In April, 2015, Mr. Luber was summoned to a meeting with Mr. Gilbert, who had started an in-house incubator and was exploring new business ideas. Mr. Gilbert was intrigued by the idea of a stock-market model for e-commerce and, as the father of a teenage sneakerhead, was convinced that sneakers were a perfect starting point to test the concept.
To protect against knockoffs, sellers ship purchased products to StockX, which authenticates the items and sends them to buyers by day’s end, similar to services provided by other high-end marketplaces. StockX takes a 9.5-per-cent commission on each sale.
Since starting in February, 2016, StockX has grown to more than 10,000 transactions a day. It has added nearly 170 of its more than 370 employees since the end of April.
“We’ve gone from zero to US$700-million in sales in two years, and most of the world doesn’t even know this exists,” said Greg Schwartz, 37, a co-founder and now the company’s chief operating officer.
As a test of the model of an initial offering, StockX teamed up with Nike in January to release limited-edition LeBron James shoes, with the prices determined by an open auction. The sneakers sold for an average of US$6,000 a pair. Winning buyers could resell the shoes on the platform without ever taking physical ownership of them.
“This then becomes true commodities trading,” Mr. Luber said. It is not dissimilar from trading oil futures, he said. In fact, because the items were resold without physically changing hands, StockX worried the shoes might be considered futures and “spent a lot of time talking to lawyers making sure we weren’t running afoul of any securities laws,” Mr. Luber said.
With a billionaire co-founder, capital has not been an issue, but StockX has still sought out investors who Mr. Schwartz said “provide outside value” or cultural cachet: Eminem and his manager, Paul Rosenberg; actor Mark Wahlberg; Scooter Braun, Justin Bieber’s manager; and Steve Case and Tim Armstrong, former chief executives of AOL.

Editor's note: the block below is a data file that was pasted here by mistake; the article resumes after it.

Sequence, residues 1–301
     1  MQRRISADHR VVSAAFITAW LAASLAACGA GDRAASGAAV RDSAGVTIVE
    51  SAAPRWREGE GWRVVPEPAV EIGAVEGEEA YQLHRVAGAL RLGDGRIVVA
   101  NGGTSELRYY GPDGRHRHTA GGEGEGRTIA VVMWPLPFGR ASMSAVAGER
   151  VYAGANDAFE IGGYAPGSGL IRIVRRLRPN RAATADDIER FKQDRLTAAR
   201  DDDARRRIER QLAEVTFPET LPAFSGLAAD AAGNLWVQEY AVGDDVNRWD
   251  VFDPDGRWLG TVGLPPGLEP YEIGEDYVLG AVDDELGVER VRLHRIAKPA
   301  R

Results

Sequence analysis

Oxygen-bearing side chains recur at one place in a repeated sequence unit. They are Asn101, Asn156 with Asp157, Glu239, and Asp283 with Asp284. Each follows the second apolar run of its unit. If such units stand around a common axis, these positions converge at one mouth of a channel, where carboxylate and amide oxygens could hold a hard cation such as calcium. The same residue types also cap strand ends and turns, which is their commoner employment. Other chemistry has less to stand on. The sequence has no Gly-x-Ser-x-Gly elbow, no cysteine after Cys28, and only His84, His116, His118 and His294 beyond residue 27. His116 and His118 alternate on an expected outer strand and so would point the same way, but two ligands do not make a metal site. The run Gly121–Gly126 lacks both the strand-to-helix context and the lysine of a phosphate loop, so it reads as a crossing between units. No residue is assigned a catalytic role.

Noting that AOL aimed to give more Americans access to the internet, Mr. Case said StockX was similarly centred on giving average consumers access to scarce luxury goods, which are often scooped up by insiders. There is no guarantee those consumers will be able to afford the items, but the prices will at least be fairer, he said.
Outside of capital investment, Mr. Gilbert’s involvement has been a major boon to StockX. The company had access to Quicken’s resources and employee benefits and to cross-promotional marketing opportunities, such as a Super Bowl ad this year for Rocket Mortgage featuring a teenager wearing a StockX baseball cap. StockX’s offices occupy almost an entire floor of Detroit’s towering One Campus Martius building, where Quicken has its headquarters.
StockX has two authentication centres and more than 100 authenticators, who go through a 90-day training course. As the authenticators receive items, the details of the product and the sale are available on a computer screen at their station. Once they have performed all the steps in the authentication – which can include smelling the shoe – a shipping label is printed and the seller is automatically paid.
When StockX started, Mr. Luber personally authenticated sneakers in a room of the office before taking them downstairs to be shipped. “And then if the freight elevator would break down for the day, we’d be like, ‘Oh, our whole business is done,’ ” Mr. Schwartz recalled with a laugh.
But Mr. Luber said the business was not just an excuse to play with sneakers.
“Everyone feels like it’s impossible to get a pair of Off-White Jordans for retail” unless you have insider connections, Mr. Luber said, adding: “There was a reason the Foot Locker manager’s brother won the raffle every time.”
New York Times News Service